Inhumanity In Night By Elie Wiesel

1080 Words5 Pages

Every single human being, at some point in time, goes through various troublesome experiences, be it a natural disaster, illness, an abusive relationship, a violent incident, or the loss of a loved one. However, some experiences are more devastating than others. Each survivor has his/her way of coping with the trauma and maintaining sanity. Elie Wiesel, one the survivors of the Holocaust, gives us some insight into dealing with tough experiences. He spent a year imprisoned in the Auschwitz and Buchenwald concentration camps, the same camps where he lost all his family members (Wiesel 15). After his liberation, he moved to France where he learned French and studied Literature, Philosophy, and Psychology. He worked as a journalist for twenty …show more content…

It is the circumstances which preceded their disappearance. Even more disconcerting, is the fact that this mass killing was pointless. Generations of families—grandparents, parents, children, and grandchildren—vanished without any justification, if any, it would be barbaric cruelty. The blood of millions of restless Jews forever lies in Auschwitz and Treblinka. How does one respond to humanity after surviving such an inhuman experience of madness? Elie Wiesel, a survivor of the Holocaust, decided to respond by making words. He wrote in an attempt to provide a resting place for the departed so that they could find rest in the vehemence of his words. "Why I Write: Making No Become Yes" by Elie Wiesel is a controversial essay which successfully depicts a tormented survivor writing in a desperate attempt to perpetuate the existence of his Jewish brothers who lost their lives during the …show more content…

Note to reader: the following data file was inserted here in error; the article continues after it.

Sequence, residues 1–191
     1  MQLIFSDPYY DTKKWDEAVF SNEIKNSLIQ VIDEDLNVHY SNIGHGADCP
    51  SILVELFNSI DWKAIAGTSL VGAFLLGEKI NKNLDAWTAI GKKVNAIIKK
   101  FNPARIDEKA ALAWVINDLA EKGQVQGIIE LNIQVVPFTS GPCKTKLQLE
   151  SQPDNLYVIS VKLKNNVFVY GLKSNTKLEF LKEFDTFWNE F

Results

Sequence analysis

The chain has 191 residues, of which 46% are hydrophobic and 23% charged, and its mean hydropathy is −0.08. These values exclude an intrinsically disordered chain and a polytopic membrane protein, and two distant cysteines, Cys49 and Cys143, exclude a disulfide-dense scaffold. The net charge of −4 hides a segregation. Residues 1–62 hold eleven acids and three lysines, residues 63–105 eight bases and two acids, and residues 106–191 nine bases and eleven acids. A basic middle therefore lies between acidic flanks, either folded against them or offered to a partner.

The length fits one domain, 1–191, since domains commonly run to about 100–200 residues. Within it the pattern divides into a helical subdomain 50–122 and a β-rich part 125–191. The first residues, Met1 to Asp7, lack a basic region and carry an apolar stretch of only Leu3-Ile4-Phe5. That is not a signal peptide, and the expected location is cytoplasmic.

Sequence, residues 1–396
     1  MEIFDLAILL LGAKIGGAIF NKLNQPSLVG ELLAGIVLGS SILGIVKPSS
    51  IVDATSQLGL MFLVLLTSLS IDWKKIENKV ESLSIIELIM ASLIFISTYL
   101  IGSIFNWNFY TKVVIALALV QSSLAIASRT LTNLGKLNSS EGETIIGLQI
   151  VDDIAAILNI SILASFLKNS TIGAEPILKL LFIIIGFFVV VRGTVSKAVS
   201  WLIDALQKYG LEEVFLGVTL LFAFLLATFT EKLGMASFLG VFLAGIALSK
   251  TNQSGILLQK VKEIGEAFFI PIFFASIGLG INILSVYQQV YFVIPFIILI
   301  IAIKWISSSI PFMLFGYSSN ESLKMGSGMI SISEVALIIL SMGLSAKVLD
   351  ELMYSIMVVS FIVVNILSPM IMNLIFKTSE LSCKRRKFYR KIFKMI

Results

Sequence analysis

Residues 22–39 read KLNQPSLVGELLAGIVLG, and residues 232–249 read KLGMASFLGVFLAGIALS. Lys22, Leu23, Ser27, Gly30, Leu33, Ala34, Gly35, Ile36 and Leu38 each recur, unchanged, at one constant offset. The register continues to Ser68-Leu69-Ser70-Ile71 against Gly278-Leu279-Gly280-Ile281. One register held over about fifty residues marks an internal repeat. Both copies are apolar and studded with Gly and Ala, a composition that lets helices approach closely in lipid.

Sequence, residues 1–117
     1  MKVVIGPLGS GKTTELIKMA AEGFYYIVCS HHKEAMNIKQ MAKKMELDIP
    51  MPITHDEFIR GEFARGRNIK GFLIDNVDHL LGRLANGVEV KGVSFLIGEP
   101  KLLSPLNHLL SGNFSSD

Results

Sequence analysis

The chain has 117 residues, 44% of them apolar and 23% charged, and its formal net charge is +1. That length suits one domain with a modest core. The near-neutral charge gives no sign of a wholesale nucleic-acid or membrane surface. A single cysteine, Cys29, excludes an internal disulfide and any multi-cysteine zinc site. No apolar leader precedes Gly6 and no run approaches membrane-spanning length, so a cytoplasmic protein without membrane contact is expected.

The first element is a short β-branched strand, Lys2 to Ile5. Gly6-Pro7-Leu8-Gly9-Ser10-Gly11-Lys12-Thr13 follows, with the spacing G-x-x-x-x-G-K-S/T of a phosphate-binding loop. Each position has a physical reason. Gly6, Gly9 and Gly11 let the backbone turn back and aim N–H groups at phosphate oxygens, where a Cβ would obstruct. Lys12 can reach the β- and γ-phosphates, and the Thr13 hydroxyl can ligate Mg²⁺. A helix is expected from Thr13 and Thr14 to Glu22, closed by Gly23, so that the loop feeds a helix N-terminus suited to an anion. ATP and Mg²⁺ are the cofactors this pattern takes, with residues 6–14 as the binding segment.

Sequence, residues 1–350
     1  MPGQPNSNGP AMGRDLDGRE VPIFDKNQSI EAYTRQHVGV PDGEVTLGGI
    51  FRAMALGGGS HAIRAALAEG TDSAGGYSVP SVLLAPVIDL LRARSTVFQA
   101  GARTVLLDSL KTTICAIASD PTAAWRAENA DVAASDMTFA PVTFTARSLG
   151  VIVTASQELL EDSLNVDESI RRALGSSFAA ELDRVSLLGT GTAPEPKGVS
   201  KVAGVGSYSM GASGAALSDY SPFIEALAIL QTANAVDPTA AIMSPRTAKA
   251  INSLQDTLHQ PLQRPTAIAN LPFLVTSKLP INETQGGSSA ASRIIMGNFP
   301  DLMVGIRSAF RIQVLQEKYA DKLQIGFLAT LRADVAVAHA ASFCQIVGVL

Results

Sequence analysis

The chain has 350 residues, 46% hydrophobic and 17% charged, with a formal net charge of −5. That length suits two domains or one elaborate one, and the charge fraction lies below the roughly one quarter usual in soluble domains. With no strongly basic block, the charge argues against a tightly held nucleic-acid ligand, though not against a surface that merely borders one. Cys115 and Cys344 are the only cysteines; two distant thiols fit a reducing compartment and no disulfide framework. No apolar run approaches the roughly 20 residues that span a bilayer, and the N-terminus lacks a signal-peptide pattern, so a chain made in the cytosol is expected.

Even after the Jews were liberated, Wiesel still felt like a tormented survivor. Wiesel states, “Jewish children they haunt my writing” (Wiesel 18). As you can see, the graphic memories at the camps still strike back at Wiesel. Children in camps were starved, forced to work, and murdered. Wiesel is more likely to flashback about the children because of how young they were. Small children that have only been in the world for so little thought most of their future was going to be in a concentration camp. Which leads to Wiesel to keep remembering the children. Another statement by Wiesel is, “You, who never lived under a sky of blood, will never know what it is like” (Wiesel 18). Here Wiesel shows how tormented he is. Wiesel witnessed the damage caused by the Nazis. He remembers the physical damage that caused Jews to die. For example, the gassing, starvation, and burning of Jews. He also empathizes for the mental damage made. For example, the sadness and hopelessness of Jews trapped. The next statement by Wiesel is “I hear a voice within in me telling me to stop mourning the past” (Wiesel 17). The world continued and Wiesel still had troubles letting go. Wiesel knows how hard it is to let go of an event that only hurt himself, but the rest of the Jews. There are times when cannot simply let go. Only Wiesel and the rest of the 6 million Jews will know how this event affected

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